Skip to content

North Cowichan, 7 south Island local governments take exception to downloaded police costs

Colwood, Ladysmith, Langford, North Saanich, Sidney, Sooke, and View Royal
North Cowichan and eight other local governments on south Vancouver Island have sent a latter to B.C. Public Safety Minister Mike Farnworth (pictured) raising concerns about plans to download the costs of police dispatching in the region. (File photo)

North Cowichan is one of eight municipalities in southern Vancouver Island that sent a joint letter to Minister of Public Safety and Solicitor General Mike Farnworth raising concerns about further downloading of costs from the province and Ottawa to local governments.

North Cowichan, along with Colwood, Ladysmith, Langford, North Saanich, Sidney, Sooke, and View Royal, have taken exception to the senior governments handing over the costs, which are in the millions of dollars, of RCMP E-Comm 9-1-1 to them for the first time.

E-Comm 9-1-1 is a multi-municipality agency that provides emergency communications operations for British Columbia.

The eight municipalities were informed of the pending download of 100 per cent of the costs for RCMP E-Comm 9-1-1 dispatch calls to their municipal budgets just over a year ago.


Currently, these costs are covered by senior governments, with 30 per cent coming from Ottawa and 70 per cent from the province.

The downloading of the costs, on which the municipalities say they were never consulted, is set to take effect April 1, 2022, well into the fiscal budget year for municipalities that begins Jan. 1.

In North Cowichan, the projected increase to costs of the three-year phase in would amount to an approximately two per cent tax increase over that time for the municipality’s tax payers.


In the letter to Farnworth, the municipalities say that with so many policing cost increases to local governments in recent years, including the additional costs related to the new RCMP contract, the local governments trust the minister can understand why another burden such as the one proposed by downloading the RCMP E-Comm 9-1-1 dispatch costs is untenable for them.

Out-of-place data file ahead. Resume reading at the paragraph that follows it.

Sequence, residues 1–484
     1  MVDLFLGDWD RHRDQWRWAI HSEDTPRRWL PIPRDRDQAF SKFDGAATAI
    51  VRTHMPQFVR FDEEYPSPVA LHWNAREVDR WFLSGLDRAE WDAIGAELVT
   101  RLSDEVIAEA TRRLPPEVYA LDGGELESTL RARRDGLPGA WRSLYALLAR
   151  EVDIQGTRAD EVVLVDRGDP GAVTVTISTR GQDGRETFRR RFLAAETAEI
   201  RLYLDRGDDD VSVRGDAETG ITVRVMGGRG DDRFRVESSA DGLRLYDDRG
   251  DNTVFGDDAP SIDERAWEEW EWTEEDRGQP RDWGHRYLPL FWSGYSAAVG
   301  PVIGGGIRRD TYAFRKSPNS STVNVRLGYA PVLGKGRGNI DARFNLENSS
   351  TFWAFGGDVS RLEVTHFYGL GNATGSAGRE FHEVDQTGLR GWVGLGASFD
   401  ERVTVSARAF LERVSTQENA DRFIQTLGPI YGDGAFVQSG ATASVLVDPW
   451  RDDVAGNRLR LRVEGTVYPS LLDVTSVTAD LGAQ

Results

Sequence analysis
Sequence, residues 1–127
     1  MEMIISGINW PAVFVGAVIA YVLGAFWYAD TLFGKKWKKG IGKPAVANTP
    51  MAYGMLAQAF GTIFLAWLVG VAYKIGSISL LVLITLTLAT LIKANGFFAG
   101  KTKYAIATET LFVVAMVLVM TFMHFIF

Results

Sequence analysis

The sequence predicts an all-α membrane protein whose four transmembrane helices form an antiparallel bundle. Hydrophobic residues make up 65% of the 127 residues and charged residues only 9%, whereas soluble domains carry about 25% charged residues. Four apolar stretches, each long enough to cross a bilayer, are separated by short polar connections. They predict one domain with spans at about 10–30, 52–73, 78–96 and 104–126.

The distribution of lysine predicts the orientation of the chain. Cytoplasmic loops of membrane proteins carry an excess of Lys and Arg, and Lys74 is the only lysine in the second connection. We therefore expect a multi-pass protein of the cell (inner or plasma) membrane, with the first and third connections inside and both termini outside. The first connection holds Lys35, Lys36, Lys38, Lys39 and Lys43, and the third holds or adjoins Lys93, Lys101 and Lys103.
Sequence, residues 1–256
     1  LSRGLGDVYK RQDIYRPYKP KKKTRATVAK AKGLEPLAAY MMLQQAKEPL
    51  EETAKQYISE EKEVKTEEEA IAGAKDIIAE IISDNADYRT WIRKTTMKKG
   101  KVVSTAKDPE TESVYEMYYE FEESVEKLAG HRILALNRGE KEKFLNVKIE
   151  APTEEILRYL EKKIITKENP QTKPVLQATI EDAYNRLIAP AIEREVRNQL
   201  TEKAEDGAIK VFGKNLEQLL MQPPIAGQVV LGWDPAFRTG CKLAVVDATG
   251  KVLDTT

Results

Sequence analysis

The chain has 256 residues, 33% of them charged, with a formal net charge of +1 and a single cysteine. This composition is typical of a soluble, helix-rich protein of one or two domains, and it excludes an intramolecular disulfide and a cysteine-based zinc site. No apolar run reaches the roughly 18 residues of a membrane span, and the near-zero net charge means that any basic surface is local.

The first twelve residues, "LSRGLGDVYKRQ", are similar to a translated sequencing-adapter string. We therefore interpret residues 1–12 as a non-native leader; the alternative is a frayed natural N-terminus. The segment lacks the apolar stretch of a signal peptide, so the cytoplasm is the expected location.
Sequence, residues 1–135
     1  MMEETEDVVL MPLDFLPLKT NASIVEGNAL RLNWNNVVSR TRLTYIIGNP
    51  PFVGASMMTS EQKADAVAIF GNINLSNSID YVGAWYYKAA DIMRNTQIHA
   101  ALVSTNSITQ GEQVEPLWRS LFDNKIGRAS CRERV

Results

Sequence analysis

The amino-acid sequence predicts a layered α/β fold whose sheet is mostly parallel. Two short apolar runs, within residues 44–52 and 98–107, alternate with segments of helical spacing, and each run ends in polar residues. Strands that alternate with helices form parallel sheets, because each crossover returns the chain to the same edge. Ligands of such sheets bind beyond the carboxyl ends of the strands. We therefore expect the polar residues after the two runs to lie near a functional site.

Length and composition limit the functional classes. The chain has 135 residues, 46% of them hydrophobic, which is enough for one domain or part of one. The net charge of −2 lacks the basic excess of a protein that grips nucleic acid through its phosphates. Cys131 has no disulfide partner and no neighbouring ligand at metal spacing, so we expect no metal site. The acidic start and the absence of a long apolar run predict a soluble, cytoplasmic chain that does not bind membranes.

“Minister Farnworth, the reality is that this download constitutes a major financial burden for our communities, even with the proposed three-year phase-in,” the letter says.

“In the context of other financial pressures we are facing, this will place many of our jurisdictions in a position of potentially having to forego additional policing resources in our communities. This comes at a time when the public pressures for us to increase those resources continue to grow due to a variety of issues, including escalating street disorder brought on by the opioid crisis.”

The local governments also say they are disappointed that the south Island dispatch region is being unfairly singled out with the cost downloads, while other dispatch regions in the province will continue to have their costs for the service covered by senior levels of government.

The municipalities are asking Farnworth to delay the first phase of the downloading of the costs of the service to them for one year; that the phase-in of the download be extended from three years to a longer period of time to allow them time to more gradually absorb the additional costs; and that the issue be forwarded to the Local Government Contract Management Committee for further discussion.

“Minister Farnworth, we acknowledge these are challenging times, and we are all truly appreciative of the pressures under which you have been operating in recent months; pressures brought on by forest fires and then by flooding,” the letter said.

“We certainly don’t wish to add to the pressure you are facing, but this file is critical to us, to our budget-setting processes, and ultimately to our taxpayers.”

Like us on Facebook and follow us on Twitter

Robert Barron

About the Author: Robert Barron

Since 2016, I've had had the pleasure of working with our dedicated staff and community in the Cowichan Valley.
Read more